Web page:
By Wesley Capdepon
Photos by Joshua Zimmerman
With spring approaching, what better way to bid winter sayonara than to get your heart pumping on a scenic bike ride across the beautiful Shimanami Kaido?
The Shimanami Kaido, or Shimanami Expressway, is a 77-kilometer bike path that connects Onomichi in Hiroshima-ken and Imabari in Ehime-ken. The Expressway is famous for its spacious bike path, record-setting bridges and scenic view of the Seto Inland Sea and surrounding inaka.
Two of the record-setting bridges are they Kurushima-Kaikyo Bridge and the Tatara Bridge. The Kurushima-Kaikyo Bridge connects Oshima Island to Shikoku island (where Imabari is located), and is the longest suspension bridge structure in the world at 4,015 meters in length. The Tatara Bridge is the second longest cable-stayed bridge in the world at 1,480 meters in length. It connects Ikuchijima Island to Ohmishima Island.
The Expressway is a fun challenge and can be completed by almost anyone willing to try. You don’t have to be a world-class cyclist or even in amazing physical condition. I know people whose daily exercise routine was walking or cycling to work and they finished the bike ride in around seven hours.
The toughest parts of the course are the winding slopes that slowly lead you up to each bridge. Though these ascents are difficult, the reward of riding 30 meters above the Inland Sea makes the effort worthwhile. This is especially true for the last suspension bridge, which is the longest in the world, but don’t make the mistake of thinking that you’ve finished at that point because you’ll still have several kilometers to Imabari.
You can take your own bike, if you can fit it into a bike bag for trains and buses, or you can rent a bike in Onomichi. It costs about ¥1,500 and the rental shop can be found by walking directly out of Onomichi station and taking a right once you reach the water. It’s approximately a five- to 10-minute walk.
Most people skip the first bridge because the road is very narrow and the view is not as great as the others. That means taking a ferry to Mukaijima, which is conveniently located directly in front of Onomichi station. The ferry costs about ¥200 and takes 15 minutes.
Once you get started you soon realize that getting lost is very difficult. There are plenty of clearly visible signs and the local Japanese are more than happy to help you get back on the right path.
A nice place to take a break is Setoda on Ikuchijima Island. This is the halfway point of the trip and there are several small places to shop and find some lunch. The shops don’t have the healthiest choices, though, so if you think some fruit or non-sodium/non-fried snacks would be better, I recommend taking some along.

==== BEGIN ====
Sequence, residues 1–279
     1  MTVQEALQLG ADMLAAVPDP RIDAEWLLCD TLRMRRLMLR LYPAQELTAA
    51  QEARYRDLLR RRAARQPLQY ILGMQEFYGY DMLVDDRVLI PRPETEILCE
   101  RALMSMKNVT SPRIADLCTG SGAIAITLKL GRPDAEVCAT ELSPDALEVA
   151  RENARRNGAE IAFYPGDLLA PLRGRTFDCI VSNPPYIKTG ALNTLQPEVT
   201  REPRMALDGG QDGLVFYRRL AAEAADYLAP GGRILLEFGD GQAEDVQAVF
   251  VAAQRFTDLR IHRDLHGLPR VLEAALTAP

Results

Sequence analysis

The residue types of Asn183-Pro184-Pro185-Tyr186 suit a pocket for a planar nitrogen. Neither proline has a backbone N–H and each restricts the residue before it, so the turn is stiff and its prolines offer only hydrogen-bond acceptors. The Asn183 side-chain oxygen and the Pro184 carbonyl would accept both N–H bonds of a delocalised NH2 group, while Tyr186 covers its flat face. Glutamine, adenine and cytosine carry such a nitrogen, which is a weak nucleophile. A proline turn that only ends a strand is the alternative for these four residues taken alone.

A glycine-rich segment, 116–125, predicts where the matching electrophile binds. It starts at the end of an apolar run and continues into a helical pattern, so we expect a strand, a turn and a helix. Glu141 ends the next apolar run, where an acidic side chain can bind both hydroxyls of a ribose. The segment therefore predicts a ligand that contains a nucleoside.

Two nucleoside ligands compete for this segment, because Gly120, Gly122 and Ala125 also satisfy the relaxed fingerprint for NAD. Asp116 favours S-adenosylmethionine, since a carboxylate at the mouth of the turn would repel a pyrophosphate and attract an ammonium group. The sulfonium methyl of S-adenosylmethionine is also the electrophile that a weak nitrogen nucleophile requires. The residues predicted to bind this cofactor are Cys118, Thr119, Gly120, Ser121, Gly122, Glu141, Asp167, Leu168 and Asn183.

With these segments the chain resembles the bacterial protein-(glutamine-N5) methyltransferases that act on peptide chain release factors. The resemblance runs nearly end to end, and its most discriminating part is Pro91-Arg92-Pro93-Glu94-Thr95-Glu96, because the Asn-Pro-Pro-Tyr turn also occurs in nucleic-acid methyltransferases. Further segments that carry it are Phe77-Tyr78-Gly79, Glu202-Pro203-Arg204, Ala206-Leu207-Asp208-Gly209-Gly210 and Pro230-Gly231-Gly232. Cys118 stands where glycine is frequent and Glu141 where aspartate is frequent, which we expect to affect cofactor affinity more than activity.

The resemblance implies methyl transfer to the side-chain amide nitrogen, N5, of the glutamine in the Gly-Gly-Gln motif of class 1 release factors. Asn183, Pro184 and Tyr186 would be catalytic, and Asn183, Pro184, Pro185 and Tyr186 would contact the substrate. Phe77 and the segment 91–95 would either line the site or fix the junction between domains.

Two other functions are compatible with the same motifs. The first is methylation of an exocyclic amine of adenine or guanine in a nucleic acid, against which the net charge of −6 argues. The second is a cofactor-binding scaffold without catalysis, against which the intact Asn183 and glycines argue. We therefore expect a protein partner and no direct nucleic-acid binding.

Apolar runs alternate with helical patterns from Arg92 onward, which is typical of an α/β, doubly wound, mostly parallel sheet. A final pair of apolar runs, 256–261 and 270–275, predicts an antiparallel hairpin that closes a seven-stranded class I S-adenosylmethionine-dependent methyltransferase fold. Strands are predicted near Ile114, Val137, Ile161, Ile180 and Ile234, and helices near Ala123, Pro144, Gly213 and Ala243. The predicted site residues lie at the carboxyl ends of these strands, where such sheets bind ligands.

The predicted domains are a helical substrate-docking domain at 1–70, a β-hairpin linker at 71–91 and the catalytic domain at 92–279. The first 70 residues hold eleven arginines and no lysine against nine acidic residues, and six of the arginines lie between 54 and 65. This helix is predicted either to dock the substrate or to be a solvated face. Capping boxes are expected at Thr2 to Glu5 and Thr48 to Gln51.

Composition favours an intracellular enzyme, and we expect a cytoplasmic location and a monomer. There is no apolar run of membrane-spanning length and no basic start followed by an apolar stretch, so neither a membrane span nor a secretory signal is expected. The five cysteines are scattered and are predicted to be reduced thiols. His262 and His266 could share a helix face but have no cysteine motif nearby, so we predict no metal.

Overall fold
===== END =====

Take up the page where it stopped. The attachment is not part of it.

There are bike service and rental shops on each island. When I went, someone got a flat tire on the first island and we stopped at a konbini to ask for help. Thirty minutes later a truck dropped off a new bike and left with the old one. It’s a good idea to hold on to your receipt in case something like this happens to you.
It’s also smart to carry ¥100 and ¥50 coins to pay for the tolls on each bridge. It’s fun to try to throw your toll fee into the machine without stopping but be careful not to crash.
For some, the best part of the trip is the end. You can quickly drop your bike off in Imabari and catch a train or bus to Matsuyama. Matsuyama is famous for Dogo Onsen, which is one of the most well-known onsen in Japan. It is mentioned in popular culture and literature, most famously showing up in Natsume Soseki’s novel “Botchan.” A dip in a famous onsen, dinner and a celebratory beer is a perfect way to end a 77-kilometer bike ride.
The JR train takes about an hour and 15 minutes from Imabari to Matsuyama. For directions, hours and rates, visit http://www.japan-guide.com/e/e5502.html.
Whenever you decide to leave Imabari or Matsuyama, there are buses returning to Onomichi. The Iyotetsu Express bus runs from Matsuyama to Onomichi and costs about ¥3,500 and takes two hours. The Setsouchi Express bus costs ¥2,200 and takes an hour and 40 minutes.
This is a perfect way to say goodbye to the waning winter and hours spent shivering in front of a space heater and hello to the approaching spring season for which Japan is so famous. Just bring your sunscreen and a positive attitude and you’ll be on your way to finishing one of the more famous bike rides in Japan.